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Just finished reading…

17 Jul

The Comfort of Strangers by Ian McEwan

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I’d read Atonement by McEwan before (I still can’t make myself watch the film even though I know it’s meant to be amazing) which I absolutely loved.  I tried to read Enduring Love but my sister studied it at school (and didn’t like it) and the copy that lies in our bookshelf is dotted with her notes scribbled in biro and sections covered in neon highlighter which I found far too distracting so I soon gave up.  When I worked at Waterstone’s while at school, all the booksellers got given a copy of McEwan’s novel ‘On Chesil Beach’ which I also loved.  There is something utterly compelling about the way he writes; he sets the scene so vividly and is able to build tension with an amazing level of skill.  It is perhaps the subtlety he employs when writing that is most engaging, drawing the reader in to the world he has created convincingly.

I had read in an interview that McEwan’s earlier work tended to be darker, earning him the nickname Ian McAbre.  This is definitely the case with ‘The Comfort of Strangers’ which explores themes of domestic violence, repressed homosexuality, extreme sadism and masochism.  Not for the faint-hearted.

The story follows a modern couple (Colin and Mary) on holiday in an unnamed city (but most likely Venice) who meet a strange couple (Robert and Caroline).  I guess the title alludes to the fact that after Colin and Mary meet this couple, they become more passionate themselves – spending time with the strange couple seems to ignite some lost passion in Colin and Mary who lock themselves in their hotel room for days afterwards.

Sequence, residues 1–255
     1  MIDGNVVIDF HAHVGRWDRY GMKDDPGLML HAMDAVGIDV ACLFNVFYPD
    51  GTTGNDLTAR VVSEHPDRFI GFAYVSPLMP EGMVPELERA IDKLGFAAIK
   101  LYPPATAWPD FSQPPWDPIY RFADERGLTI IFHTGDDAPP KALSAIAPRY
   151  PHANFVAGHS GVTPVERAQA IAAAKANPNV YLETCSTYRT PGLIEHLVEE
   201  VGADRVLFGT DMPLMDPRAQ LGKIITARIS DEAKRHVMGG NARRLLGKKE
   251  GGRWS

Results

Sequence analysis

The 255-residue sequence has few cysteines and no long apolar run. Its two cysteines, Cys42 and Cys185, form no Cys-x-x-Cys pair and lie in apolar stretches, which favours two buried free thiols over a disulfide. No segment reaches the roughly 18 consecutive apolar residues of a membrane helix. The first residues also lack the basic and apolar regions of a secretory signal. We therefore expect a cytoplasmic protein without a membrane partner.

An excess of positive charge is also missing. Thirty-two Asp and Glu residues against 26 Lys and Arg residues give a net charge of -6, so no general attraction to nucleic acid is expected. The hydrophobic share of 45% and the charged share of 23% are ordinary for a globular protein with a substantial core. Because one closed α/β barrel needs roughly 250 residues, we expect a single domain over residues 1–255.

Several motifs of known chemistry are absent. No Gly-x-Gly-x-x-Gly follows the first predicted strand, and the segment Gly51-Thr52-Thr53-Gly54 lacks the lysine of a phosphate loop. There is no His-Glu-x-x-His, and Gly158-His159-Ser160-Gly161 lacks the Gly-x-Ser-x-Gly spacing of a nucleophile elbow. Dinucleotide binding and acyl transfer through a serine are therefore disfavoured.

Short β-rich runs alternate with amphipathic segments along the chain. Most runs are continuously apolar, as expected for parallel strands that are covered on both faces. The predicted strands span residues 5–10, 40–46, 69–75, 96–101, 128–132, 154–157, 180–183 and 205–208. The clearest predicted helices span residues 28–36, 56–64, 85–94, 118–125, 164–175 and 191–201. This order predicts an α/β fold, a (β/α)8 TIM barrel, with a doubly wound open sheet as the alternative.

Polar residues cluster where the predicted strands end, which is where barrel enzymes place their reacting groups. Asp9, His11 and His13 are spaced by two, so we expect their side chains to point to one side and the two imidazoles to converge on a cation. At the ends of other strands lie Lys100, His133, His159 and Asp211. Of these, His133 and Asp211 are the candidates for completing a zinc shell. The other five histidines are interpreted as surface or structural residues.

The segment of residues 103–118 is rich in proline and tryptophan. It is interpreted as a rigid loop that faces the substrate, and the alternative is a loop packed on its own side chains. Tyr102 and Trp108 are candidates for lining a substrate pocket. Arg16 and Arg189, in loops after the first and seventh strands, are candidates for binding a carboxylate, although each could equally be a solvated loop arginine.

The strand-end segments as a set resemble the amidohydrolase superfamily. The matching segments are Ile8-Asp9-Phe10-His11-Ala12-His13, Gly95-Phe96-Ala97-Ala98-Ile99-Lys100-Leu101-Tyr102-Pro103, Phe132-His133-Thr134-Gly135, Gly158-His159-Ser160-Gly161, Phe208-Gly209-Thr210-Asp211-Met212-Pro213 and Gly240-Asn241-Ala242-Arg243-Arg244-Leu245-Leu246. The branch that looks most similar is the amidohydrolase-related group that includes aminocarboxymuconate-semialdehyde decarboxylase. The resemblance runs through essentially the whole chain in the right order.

All through the novella, McEwan expertly builds a sense of suspense and the story reaches its climax right at the end, which is both chilling and disturbing.  What I especially liked was that McEwan took care to exhibit Robert and Caroline’s motivations – we learn at the beginning of a childhood incident involving Robert and his sisters and his relationship with his father, which helps the reader understand how he has come to form his outmoded opinions on men and women.  Caroline is portrayed as a weak figure when Mary first sees her – a broken, fragile woman trapped in a loveless marriage.  But by the end, we learn of Caroline’s motivations, her desire to be hurt and punished, and her part in the final scene which makes the whole story even more distressing.

The sinister themes are inescapable in the novella and form much of the tension; however, McEwan’s superb illustration of the perils of a long term relationship should not be overlooked.  His poetic prose never fails to amaze me.  He illustrates the lack of passion, over-familiarity and even the sometimes parasitic nature of relationships beautifully by examining Colin and Mary’s relationship.  The quotation below seems to capture this:

This was no longer a great passion. The pleasure was in its unhurried friendliness, the familiarity of its rituals and procedures, the secure, precision-fit of limbs and bodies, comfortable, like a cast returned to its mold. 

I’ve since found out that this has been made into a film starring Rupert Everett as Colin, Natasha Richardson as Mary, Christopher Walken (perennially taking the ‘creepy’ guy roles) and Helen Mirren as Caroline.  In my mind, I have clear ideas of these characters, none of which match the actors cast so I’ll probably give this a miss.. plus the end scene would just be weird to watch…